Finchelsteins’ neighbors or distant relatives

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  • Photo taken in:
    Iasi
    Country name at time of photo:
    Romania
    Country name today:
    Romania

I don't know who the persons in this photograph are. I believe they are some neighbors or some more distant relatives. On the right you can see a little girl who was awarded a school prize, and the one on the left is definitely her mother because they look very much alike. The photograph was probably taken in the 1930's.

A large part of the population of Iasi was of Jewish origin, approximately 50% before the pogrom. All our neighbors were Jewish. We all knew everybody else's woes and joys. Whether a child was born or if a bar mitzvah or a wedding was performed. There were entire weeks when you didn't even go out almost at all, people worked from morning till evening, radio or television didn't exist. Sometimes, our parents went to the Yiddish theatre. When summer came, it was a joy to go to the Pomul Verde or even on Rufeni St. where there was another Yiddish theatre. Our parents would sometimes go to the public park, but this happened very seldom. We spent time sitting with our neighbors in front of the house, we bought and ate sunflower or pumpkin seeds.

My wife has a beautiful story about one of her neighbors in Targu Cucului. She lived on the other side of the fence where her family lived. She had more room in the house and kept tenants. And when she accepted a tenant she explained to him what he rented. In fact, she rented him the room. The cellar was over at her neighbor's, they could store food there if they wanted. The clothes were hung to dry across the street, near the Zvolover synagogue. There was a large courtyard there with many trees and if the tenant wanted to hang his clothes to dry, he would tie clotheslines between trees and that's how clothes were dried. If they wanted water, there was another neighbor named Bodler who made casks and barrels. The neighbor would tell the tenant: 'bam Bodler nemt'm voser, bam Zvolover hengt'm greit, bam Suhn fun a bai iz du der keiler' [Yiddish: you can take water from Bodler, hang your clothes to dry at Zvolover, the cellar is over at Suhn's]. That's how she rented rooms, comfort 1. As for the toilet, it was all the way in the courtyard, a hole in the ground covered by wooden planks and a roof. Basically, these were the living conditions in those days.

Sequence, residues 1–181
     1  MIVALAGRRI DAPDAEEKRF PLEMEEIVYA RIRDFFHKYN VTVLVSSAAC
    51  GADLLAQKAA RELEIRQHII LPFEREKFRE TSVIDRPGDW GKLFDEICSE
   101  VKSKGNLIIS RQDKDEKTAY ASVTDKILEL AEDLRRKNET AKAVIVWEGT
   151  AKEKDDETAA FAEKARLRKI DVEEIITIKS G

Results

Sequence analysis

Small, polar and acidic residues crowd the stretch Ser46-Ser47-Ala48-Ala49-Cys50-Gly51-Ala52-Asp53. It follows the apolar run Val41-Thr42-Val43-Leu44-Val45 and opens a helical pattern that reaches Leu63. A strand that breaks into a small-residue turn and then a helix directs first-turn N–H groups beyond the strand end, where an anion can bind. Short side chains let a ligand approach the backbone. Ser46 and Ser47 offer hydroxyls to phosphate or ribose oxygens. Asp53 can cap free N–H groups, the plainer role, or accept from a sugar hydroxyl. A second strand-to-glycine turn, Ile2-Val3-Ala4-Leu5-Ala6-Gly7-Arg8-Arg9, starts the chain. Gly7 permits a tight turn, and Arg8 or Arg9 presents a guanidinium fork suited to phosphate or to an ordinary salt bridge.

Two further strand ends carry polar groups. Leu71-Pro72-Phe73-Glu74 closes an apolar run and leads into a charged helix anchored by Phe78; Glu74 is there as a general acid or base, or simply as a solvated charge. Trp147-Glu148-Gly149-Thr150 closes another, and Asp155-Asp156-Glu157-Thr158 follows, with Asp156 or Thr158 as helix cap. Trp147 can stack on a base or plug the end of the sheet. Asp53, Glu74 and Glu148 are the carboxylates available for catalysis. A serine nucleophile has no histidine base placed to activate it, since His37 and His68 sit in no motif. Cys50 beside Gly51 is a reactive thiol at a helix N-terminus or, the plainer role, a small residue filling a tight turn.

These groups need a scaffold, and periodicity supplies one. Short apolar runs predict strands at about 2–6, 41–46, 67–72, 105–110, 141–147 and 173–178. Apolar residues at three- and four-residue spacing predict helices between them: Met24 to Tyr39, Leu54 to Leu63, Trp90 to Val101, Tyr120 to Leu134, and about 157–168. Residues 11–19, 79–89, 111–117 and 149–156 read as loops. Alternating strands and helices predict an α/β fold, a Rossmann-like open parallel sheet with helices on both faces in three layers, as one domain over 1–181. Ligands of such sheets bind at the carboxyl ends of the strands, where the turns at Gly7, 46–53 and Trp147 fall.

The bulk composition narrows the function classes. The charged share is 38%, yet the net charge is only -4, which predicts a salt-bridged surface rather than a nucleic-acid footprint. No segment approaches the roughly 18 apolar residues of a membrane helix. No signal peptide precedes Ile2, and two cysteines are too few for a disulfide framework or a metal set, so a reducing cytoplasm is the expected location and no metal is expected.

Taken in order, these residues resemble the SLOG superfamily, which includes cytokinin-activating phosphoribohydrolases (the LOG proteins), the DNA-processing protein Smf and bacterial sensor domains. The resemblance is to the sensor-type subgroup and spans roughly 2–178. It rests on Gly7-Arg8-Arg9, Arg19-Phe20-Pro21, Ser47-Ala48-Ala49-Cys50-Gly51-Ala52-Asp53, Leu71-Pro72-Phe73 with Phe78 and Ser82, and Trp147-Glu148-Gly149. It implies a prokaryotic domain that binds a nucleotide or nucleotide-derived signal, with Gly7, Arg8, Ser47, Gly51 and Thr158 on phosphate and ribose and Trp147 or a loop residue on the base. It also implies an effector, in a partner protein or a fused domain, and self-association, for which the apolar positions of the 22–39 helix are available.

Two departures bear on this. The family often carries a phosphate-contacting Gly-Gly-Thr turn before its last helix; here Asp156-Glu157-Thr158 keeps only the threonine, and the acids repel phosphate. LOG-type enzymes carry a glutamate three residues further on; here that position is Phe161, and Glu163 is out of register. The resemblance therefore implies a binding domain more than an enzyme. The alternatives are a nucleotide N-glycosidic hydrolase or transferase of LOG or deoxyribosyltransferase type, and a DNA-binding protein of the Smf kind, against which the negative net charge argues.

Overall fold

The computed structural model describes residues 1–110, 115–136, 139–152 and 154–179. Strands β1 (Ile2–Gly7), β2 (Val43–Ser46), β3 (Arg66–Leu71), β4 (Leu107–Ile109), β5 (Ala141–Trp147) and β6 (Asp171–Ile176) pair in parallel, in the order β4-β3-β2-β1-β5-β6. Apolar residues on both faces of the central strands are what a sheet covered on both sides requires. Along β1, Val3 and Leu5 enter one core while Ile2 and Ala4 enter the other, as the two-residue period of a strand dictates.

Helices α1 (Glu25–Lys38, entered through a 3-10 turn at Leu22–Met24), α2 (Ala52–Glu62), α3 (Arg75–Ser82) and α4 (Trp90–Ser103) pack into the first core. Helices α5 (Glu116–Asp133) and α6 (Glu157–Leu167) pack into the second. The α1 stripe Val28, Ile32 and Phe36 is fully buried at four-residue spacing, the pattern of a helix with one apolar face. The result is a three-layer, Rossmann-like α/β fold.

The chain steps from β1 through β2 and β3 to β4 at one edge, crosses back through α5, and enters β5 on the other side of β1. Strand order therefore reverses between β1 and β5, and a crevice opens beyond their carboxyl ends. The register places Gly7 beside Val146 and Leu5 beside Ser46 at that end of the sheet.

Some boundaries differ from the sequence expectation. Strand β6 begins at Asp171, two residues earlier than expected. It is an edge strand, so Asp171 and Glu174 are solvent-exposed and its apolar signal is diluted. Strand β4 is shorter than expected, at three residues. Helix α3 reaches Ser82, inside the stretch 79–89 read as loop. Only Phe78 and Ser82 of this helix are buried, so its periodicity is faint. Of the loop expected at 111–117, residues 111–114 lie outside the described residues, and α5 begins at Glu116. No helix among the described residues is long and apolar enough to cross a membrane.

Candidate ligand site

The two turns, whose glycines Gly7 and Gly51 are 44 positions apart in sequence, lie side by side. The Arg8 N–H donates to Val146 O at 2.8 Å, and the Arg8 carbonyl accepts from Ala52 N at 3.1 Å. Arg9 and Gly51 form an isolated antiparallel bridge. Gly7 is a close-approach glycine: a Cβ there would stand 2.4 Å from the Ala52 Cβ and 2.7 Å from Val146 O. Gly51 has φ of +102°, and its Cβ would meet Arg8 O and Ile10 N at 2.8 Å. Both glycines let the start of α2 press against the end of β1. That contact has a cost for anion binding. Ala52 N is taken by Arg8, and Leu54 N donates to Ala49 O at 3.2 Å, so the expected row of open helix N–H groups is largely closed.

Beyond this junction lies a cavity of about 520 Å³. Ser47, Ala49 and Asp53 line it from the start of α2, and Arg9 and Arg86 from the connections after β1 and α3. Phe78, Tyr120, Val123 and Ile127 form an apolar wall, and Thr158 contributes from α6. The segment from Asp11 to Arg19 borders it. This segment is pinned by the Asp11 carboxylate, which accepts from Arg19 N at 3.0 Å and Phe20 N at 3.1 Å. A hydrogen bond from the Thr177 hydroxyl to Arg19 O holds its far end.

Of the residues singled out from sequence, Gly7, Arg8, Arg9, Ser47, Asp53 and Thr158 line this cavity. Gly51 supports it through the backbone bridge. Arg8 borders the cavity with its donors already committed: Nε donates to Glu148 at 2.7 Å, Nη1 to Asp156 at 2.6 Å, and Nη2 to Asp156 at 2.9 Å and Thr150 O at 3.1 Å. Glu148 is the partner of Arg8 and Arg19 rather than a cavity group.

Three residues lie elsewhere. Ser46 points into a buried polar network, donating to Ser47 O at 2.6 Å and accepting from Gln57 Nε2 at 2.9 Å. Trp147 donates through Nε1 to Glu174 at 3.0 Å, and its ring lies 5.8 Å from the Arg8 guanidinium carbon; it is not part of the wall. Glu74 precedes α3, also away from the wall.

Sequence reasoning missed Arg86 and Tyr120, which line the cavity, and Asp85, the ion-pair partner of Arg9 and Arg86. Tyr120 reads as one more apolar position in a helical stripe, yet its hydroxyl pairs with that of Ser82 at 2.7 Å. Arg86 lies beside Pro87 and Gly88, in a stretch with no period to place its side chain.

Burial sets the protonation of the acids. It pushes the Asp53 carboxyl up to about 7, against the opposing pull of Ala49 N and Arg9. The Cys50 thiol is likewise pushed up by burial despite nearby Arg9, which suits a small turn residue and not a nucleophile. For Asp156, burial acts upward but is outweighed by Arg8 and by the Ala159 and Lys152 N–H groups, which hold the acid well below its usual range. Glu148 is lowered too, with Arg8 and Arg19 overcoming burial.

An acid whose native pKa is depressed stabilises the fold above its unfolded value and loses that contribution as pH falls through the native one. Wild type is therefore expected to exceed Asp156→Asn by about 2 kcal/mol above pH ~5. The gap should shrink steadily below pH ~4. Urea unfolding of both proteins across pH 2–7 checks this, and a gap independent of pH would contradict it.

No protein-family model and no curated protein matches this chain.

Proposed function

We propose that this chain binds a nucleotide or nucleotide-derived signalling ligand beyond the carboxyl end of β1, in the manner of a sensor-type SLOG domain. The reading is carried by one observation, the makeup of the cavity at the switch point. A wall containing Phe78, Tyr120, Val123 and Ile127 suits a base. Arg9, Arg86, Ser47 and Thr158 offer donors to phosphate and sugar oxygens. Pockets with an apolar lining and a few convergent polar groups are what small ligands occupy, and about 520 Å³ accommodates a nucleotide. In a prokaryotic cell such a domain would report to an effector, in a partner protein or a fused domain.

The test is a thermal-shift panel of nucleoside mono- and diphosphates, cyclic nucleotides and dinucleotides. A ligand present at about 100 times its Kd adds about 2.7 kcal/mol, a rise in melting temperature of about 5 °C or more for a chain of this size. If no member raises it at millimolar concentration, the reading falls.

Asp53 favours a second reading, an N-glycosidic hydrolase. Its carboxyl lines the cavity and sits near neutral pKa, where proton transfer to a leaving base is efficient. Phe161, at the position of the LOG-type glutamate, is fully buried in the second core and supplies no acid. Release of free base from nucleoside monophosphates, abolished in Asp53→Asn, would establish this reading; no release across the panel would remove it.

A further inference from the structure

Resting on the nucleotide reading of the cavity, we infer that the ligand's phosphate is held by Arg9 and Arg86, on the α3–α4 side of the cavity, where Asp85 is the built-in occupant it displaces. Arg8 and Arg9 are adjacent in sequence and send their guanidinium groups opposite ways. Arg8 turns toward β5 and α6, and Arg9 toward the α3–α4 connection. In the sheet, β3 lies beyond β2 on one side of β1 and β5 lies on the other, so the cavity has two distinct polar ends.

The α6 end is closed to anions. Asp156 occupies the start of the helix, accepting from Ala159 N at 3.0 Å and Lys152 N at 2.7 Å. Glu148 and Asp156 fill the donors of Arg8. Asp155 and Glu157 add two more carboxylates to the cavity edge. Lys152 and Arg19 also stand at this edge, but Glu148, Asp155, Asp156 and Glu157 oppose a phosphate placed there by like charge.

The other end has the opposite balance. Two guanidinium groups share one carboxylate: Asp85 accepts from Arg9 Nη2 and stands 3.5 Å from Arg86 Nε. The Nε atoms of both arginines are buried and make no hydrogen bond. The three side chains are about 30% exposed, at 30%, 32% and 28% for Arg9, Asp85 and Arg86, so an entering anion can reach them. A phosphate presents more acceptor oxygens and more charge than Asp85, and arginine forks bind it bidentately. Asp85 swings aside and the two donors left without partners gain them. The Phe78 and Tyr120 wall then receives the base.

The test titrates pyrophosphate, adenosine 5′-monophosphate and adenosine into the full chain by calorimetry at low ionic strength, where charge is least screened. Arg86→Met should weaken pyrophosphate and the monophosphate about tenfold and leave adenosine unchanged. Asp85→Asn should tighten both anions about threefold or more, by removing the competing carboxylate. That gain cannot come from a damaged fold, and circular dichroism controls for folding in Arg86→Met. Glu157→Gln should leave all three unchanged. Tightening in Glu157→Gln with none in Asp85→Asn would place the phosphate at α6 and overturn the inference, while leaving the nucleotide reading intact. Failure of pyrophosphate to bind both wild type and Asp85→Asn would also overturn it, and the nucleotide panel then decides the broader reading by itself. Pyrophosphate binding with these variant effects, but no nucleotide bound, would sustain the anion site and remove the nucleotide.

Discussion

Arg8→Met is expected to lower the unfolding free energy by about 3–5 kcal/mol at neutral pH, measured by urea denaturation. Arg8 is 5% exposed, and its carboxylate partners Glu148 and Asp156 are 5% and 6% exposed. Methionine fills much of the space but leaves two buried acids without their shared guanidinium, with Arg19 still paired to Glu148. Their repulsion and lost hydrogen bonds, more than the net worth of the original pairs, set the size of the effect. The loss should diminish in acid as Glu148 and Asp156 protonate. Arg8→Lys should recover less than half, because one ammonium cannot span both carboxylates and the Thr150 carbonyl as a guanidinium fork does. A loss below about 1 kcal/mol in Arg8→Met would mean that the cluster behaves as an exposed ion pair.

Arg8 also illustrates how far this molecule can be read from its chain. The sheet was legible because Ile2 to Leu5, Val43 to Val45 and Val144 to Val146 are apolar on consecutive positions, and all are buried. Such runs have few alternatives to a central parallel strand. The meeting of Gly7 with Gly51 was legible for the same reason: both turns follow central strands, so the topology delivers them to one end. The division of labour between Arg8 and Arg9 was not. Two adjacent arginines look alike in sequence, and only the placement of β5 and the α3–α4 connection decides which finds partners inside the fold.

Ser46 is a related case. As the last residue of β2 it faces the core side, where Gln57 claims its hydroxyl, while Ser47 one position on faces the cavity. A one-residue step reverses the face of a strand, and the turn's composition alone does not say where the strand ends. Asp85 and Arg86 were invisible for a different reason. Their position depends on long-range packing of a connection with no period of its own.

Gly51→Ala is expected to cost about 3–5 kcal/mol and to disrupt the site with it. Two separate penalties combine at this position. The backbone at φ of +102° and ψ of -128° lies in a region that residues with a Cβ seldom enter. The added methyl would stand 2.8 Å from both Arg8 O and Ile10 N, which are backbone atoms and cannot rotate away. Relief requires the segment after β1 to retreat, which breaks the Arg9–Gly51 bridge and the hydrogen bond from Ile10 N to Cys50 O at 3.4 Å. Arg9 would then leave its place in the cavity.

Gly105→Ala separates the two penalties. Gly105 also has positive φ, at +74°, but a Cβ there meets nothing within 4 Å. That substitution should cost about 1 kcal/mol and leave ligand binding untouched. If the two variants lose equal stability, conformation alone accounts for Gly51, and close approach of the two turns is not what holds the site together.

Interview details

Interviewee: Leizer Finchelstein
Interviewer:
Francisca Solomon
Month of interview:
November
Year of interview:
2006
Iasi, Romania

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